By virtue of one embodiment of the present invention, a modular interleaved Raman amplifier structure is exploited to reap the advantages provided by the high Raman gain coefficient and small effective area of highly nonlinear fibers without incurring penalties caused by nonlinear effects and double-Rayleigh backscattering noise. Very tight WDM channel spacings may be accommodated. The amplifier structure may be implemented at very low initial cost and with high reliability, scalability, and modularity.
A first aspect of the present invention provides apparatus for amplification of a WDM signal. The apparatus includes a plurality of Raman optical amplifiers, each amplifying one of a plurality of deinterleaved subband signals, each of the Raman optical amplifiers including nonlinear fiber that is pumped with optical pump energy. A Raman gain coefficient of the nonlinear fiber is greater than or equal to approximately 3×10−3W−1m−1.
A second aspect of the present invention provides apparatus for amplification of a WDM signal. The apparatus includes a plurality of Raman optical amplifiers, each amplifying one of a plurality of deinterleaved subband signals, and a plurality of semiconductor lasers to provide optical pump energy to the plurality of Raman optical amplifiers.
A third aspect of the present invention provides apparatus for amplification of a WDM signal. The apparatus includes a plurality of Raman optical amplifiers, each amplifying one of a plurality of deinterleaved subband signals, each of the Raman optical amplifiers including nonlinear fiber that is pumped with optical pump energy. The nonlinear fiber has an length of less than or equal to approximately 5 km in each of the Raman optical amplifiers.
A fourth aspect of the present invention provides apparatus for amplification of a WDM signal. The apparatus includes a plurality of Raman optical amplifiers, each amplifying one of a plurality of deinterleaved subband signals, each of the Raman optical amplifiers including nonlinear fiber that is pumped with optical pump energy. At least one of the plurality of Raman optical amplifiers is divided into at least two isolated stages.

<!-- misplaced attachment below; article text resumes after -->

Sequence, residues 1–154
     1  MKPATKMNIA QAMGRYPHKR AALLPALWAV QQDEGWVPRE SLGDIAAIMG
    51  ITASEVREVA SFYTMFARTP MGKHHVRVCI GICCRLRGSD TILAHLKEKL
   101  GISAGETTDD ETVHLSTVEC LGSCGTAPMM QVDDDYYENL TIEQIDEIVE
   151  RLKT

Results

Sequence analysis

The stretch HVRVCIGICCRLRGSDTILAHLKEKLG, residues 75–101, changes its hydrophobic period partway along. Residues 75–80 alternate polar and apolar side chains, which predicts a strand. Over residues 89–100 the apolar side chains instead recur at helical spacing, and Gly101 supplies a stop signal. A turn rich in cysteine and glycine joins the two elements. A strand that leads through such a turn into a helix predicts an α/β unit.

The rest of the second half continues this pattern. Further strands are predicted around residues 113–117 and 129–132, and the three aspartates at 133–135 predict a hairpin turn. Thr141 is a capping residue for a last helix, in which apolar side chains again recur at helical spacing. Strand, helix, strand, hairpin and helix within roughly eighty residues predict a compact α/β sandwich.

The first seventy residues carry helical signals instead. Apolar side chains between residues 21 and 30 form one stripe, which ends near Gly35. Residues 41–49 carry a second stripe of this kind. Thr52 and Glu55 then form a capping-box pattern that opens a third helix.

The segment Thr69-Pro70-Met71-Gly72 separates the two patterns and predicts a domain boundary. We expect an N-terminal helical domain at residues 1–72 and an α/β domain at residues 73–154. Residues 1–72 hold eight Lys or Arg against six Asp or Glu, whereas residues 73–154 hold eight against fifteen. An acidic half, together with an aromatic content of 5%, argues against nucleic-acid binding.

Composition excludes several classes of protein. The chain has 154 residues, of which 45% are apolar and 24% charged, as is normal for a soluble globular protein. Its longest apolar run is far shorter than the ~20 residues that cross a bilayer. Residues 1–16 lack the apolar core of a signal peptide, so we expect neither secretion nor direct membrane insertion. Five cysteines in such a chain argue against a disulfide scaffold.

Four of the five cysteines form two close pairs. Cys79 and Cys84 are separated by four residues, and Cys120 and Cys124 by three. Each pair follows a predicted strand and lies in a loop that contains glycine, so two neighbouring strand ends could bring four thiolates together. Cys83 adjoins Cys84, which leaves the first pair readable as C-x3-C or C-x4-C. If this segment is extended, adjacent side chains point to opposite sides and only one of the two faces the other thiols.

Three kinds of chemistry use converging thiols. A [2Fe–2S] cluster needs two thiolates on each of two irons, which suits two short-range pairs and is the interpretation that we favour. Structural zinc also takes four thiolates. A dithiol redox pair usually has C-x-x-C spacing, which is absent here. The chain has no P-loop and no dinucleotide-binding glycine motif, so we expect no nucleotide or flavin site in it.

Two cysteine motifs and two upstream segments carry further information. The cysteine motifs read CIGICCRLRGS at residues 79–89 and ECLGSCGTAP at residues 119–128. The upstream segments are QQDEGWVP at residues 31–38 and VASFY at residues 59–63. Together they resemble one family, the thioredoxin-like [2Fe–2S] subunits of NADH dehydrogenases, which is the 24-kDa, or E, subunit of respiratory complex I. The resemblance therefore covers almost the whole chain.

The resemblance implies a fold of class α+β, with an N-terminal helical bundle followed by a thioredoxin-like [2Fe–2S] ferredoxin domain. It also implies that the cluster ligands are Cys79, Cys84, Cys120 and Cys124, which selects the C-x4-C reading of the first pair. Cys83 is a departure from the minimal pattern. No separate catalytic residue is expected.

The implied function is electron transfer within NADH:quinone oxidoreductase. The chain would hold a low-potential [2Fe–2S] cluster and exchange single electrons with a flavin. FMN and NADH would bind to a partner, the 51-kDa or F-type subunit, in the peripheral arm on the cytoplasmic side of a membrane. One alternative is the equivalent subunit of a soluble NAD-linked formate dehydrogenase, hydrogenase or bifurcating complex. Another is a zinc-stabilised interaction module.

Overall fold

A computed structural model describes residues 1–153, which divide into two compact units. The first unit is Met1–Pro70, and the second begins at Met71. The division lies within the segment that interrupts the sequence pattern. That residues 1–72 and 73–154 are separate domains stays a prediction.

Further understanding of the nature and advantages of the inventions herein may be realized by reference to the remaining portions of the specification and the attached drawings.
FIG. 1 depicts a deinterleaved subband amplification system according to one embodiment of the present invention.
FIG. 2 depicts four-wave mixing cross-talk as a function of channel spacing according to one embodiment of the present invention.
FIG. 3 depicts the necessary effective fiber area to assure four-wave mixing cross-talk suppression of greater than 45 dB for various channel spacings according to one embodiment of the present invention.
FIG. 4 depicts the variation in optical signal to noise ratio due to double Rayleigh scattering as a function of fiber length according to one embodiment of the present invention.
FIG. 5 depicts the variation in required pump power as a function of fiber length according to one embodiment of the present invention.
FIG. 6 depicts a single optical amplification element of the deinterleaved subband amplifier structure of FIG. 1 according to one embodiment of the present invention.
FIG. 7 depicts a single optical amplification element divided into two stages according to one embodiment of the present invention.